After strong earnings, Elliot won’t nominate new directors to Salesforce’s board

After strong earnings, Elliot won’t nominate new directors to Salesforce’s board

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Elliott Investment Management LP is scrapping its plan to nominate new directors to Salesforce Inc.’s board, the activist investor announced today.

The development comes a few weeks after Salesforce posted better-than-expected quarterly earnings. Elliot first signaled it may change its stance the day the earnings report was released. At the time, the firm stated that “the strength of Salesforce’s business and its movement in the right direction are key reasons we are among the company’s top investors.”

Elliot is an activist investor, meaning that it buys shares in companies and then pushes for business changes to improve profitability. Those profitability improvements ultimately help increase the value of Elliot’s shares. At the start of the year, reports emerged that the firm had purchased a multibillion stake in Salesforce.

This month, sources told CNBC that Elliot was considering nominating two or three directors to Salesforce’s board. Changing a company’s board allows activist investors to more easily push for changes to its business. Salesforce shareholders were set to vote on the director nominations during the cloud giant’s annual investor meeting, which is usually held in June.

Elliot announced its intent to scrap the plan in a joint statement with Salesforce this morning. According to the statement, the move was influenced by multiple factors.

The first driver behind the decision was the expectation-topping fourth quarter results that Salesforce posted this month. The company reported $8.38 billion in revenue, which represents 14% year-over-year growth, and adjusted earnings of $1.68 per share. Analysts had expected adjusted earnings per share of $1.36 and $7.99 billion in revenue.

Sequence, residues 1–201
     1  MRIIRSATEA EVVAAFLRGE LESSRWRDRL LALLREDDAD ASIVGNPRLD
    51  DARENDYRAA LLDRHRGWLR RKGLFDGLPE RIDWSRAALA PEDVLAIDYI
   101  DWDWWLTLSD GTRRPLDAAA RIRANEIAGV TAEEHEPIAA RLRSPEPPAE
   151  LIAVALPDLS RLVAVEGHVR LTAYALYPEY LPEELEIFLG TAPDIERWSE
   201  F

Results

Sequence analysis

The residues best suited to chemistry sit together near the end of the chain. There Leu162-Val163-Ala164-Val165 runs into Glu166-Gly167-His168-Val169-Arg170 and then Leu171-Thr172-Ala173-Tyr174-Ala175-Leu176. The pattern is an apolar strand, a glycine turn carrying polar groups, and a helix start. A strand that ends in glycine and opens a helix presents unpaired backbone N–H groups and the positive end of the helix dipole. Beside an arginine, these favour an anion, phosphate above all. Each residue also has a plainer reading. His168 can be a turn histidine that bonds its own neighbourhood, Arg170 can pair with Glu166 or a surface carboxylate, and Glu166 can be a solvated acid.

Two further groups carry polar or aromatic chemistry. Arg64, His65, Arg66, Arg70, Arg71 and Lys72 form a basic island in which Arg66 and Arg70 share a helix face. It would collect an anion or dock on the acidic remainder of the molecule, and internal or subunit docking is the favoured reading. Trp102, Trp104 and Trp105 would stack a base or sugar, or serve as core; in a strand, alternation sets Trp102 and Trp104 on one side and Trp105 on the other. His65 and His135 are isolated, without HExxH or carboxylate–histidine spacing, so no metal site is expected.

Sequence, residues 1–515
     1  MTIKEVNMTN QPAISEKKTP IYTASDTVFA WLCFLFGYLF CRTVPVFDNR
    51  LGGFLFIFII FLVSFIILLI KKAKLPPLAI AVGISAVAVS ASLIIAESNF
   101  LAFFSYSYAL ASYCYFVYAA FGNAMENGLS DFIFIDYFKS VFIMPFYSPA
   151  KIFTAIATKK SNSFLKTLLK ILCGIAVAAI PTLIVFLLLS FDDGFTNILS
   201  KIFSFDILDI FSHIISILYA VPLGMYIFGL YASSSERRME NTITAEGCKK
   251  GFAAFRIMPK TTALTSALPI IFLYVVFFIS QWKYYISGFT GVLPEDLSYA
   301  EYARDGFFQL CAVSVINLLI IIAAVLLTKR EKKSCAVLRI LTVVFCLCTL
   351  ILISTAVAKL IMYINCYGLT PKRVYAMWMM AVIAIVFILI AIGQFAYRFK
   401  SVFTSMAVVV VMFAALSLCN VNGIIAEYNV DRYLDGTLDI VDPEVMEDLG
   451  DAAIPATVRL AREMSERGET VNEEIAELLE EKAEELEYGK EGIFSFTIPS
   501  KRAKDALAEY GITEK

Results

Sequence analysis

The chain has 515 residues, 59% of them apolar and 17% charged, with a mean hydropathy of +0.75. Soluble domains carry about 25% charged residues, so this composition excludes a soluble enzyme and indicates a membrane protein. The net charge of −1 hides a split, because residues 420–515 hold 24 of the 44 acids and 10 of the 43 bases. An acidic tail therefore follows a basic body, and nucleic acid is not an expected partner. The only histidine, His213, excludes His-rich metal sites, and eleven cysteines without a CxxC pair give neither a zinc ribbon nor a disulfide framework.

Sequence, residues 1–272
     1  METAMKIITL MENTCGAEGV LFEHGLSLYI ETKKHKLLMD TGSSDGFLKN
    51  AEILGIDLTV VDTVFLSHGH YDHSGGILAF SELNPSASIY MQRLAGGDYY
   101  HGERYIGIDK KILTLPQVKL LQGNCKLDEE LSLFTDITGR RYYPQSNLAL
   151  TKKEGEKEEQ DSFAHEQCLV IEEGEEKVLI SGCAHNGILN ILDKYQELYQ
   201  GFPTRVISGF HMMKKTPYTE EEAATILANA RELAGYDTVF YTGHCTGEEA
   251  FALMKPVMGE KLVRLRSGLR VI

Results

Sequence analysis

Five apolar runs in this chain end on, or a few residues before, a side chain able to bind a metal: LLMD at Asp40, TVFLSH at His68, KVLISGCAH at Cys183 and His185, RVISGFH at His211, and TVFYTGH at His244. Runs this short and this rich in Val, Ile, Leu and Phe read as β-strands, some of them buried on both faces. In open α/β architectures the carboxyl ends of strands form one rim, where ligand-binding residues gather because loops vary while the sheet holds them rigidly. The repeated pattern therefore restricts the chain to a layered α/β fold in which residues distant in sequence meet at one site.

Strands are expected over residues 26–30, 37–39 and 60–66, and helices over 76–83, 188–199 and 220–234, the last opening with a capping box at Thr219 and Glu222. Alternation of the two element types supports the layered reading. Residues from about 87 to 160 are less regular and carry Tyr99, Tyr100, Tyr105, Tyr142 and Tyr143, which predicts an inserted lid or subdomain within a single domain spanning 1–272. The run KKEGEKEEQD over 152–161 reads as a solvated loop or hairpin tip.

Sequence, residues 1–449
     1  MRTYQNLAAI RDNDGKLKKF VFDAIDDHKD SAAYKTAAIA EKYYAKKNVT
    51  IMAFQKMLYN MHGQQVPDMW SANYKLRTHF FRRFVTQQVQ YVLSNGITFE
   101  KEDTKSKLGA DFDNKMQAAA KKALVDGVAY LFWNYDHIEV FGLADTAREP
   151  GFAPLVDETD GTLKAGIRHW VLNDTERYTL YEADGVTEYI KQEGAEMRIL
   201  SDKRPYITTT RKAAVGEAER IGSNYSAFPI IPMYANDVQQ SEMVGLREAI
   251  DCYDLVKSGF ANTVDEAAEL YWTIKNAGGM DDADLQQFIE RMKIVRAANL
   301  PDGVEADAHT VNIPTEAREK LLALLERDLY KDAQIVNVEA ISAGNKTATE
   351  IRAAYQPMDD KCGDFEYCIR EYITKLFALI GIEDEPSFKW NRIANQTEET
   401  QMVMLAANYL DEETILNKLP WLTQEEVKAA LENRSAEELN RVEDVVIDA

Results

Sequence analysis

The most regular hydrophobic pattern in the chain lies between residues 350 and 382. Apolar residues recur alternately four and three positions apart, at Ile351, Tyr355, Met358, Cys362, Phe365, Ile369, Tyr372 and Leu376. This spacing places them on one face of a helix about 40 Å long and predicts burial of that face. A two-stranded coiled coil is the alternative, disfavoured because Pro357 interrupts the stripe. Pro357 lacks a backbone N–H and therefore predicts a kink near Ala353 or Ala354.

Salesforce co-founder Chief Executive Officer Mark Benioff recently stated that “improving profitability is our highest priority.” As part of the effort, Salesforce is seeking to achieve a 27% operating margin in the current fiscal year. That  represents a significant acceleration of the company’s profitability roadmap, which previously targeted a 25% operating margin by 2026.

“I have great respect for Marc and his team, and I have become deeply impressed by their strong ongoing commitment to profitable growth, responsible capital return and an ambitious shareholder value creation plan,” Elliot managing partner Jesse Cohn said today’s joint statement with Salesforce. “We look forward to continuing our productive relationship with Marc and the Salesforce team.”

Salesforce’s push to improve its margins includes multiple elements. In January, the company announced plans to lay off 10% of its workforce. More recently, Salesforce dismantled the internal committee responsible for acquisitions, which indicates that it plans to scale back investments in inorganic growth.

To ease investor pressure, Salesforce is pairing the cost-cutting moves with an expanded stock buyback program. The company doubled its buyback program to $20 billion in conjunction with the release of its fourth quarter earnings results.

Elliot is reportedly one of four activist investors to have taken a stake in Salesforce over the past few quarters. The group also includes Starboard Value, which disclosed last October that it had purchased a “significant” number of shares in the company. Starboard Value previously made investments in Splunk Inc., Box Inc. and other enterprise technology companies. 

Photo: Salesforce

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